Defying comprehensive US sanctions, China is continuing to buy Iranian oil.
Last week Beijing took its first delivery of Iranian crude since the Trump Administration ended sanctions waivers in May for Iran’s largest customers: China, Japan, South Korea, India, and Turkey.
TankerTrackers said the tanker Salina — a Suezmax vessel which can carrying about 1 million barrels — docked on June 20 near Qingdao in northeast China, unloading its cargo over the following two days.
China’s market data shows purchases from Iran are down month-on-month, but the shipment indicates that the Chinese will not accede to the Trump Administration’s demands to reduce Iranian sales to “zero”.
China takes about half of Iran’s oil exports, which are officially about 1 million barrels per day — down 60% from the level of April 2018.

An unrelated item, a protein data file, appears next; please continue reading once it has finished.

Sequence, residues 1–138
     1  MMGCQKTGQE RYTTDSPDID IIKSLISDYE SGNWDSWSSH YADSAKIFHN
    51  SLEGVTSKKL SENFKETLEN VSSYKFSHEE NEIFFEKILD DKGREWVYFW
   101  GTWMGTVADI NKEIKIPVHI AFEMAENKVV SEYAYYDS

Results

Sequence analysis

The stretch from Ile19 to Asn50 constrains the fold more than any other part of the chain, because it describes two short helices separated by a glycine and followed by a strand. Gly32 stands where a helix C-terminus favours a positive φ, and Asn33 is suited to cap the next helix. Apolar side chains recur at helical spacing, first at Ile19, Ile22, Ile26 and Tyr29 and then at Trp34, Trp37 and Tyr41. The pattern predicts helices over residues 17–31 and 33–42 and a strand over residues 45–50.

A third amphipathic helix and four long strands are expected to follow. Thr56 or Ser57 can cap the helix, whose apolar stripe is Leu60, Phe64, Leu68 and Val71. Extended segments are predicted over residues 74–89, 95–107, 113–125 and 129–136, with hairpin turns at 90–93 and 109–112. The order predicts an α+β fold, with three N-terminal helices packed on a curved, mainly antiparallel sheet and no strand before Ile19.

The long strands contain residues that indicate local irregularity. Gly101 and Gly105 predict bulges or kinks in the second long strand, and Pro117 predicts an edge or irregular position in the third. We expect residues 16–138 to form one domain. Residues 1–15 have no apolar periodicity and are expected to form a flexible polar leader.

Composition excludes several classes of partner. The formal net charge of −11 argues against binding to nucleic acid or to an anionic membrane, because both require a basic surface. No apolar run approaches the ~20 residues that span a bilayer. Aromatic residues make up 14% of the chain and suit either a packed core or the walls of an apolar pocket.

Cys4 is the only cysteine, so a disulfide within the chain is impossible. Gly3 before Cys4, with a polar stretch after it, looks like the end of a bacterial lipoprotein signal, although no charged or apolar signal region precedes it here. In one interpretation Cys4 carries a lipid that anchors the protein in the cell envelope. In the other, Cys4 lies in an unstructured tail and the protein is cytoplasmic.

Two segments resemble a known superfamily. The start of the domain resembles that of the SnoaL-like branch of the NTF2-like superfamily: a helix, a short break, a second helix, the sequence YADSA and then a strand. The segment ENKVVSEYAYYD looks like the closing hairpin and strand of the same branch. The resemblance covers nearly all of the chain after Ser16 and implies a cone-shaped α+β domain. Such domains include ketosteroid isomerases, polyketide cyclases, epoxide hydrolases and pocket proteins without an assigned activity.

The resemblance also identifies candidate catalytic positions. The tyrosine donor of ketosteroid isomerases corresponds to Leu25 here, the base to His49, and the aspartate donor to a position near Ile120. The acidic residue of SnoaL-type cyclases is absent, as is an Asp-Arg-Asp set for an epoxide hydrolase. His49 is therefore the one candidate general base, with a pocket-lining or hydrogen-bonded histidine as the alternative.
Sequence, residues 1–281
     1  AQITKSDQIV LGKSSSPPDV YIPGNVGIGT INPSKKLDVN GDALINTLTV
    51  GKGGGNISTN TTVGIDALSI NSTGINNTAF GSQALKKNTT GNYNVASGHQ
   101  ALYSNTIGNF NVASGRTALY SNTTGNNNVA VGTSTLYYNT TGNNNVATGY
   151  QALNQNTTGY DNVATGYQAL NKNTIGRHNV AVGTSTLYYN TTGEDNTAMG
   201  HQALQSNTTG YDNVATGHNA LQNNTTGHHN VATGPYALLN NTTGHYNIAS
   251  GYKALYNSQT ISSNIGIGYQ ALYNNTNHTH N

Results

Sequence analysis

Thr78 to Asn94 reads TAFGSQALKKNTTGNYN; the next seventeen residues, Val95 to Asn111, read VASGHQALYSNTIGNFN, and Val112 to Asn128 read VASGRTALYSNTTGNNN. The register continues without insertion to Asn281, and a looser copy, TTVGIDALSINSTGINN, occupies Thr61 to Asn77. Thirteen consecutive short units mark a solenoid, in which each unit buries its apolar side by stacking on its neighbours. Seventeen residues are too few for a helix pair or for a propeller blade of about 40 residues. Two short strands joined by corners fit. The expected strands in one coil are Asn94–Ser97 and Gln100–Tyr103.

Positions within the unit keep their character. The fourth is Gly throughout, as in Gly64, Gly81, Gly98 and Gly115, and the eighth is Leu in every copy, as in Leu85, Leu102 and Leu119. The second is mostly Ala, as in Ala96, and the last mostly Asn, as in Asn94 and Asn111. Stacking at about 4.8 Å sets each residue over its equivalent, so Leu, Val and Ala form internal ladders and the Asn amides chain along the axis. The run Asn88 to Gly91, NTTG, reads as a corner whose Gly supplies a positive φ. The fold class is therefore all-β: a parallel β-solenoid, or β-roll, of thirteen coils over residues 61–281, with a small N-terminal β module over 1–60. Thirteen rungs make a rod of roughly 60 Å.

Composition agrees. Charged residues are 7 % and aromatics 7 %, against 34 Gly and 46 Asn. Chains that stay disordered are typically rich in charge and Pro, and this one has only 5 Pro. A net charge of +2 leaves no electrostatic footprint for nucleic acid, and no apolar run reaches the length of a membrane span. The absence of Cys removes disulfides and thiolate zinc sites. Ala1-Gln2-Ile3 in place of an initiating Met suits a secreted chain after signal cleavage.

Analysts say Iran may be moving up to 400,000 barrels per day on grey or black markets, for example, by turning off transponders on tankers.
The Chinese position vis-a-vis US sanctions, tightened this spring, is complicated by Donald Trump’s trade war with Beijing. In early May, Trump raised the tariff from 10% to 25% on $200 billion of Chinese products, and he has threatened to impose the duty on the remaining $350 billion of Beijing’s exports to the US.
Despite continued trade with China, Iranian officials are scrambling to find markets to maintain even the reduced level of sales. Tehran has discounted prices, and is even putting oil on the stock market for purchase.
In January, an official complained that Iran could not export even “one additional barrel” because of the US pressure.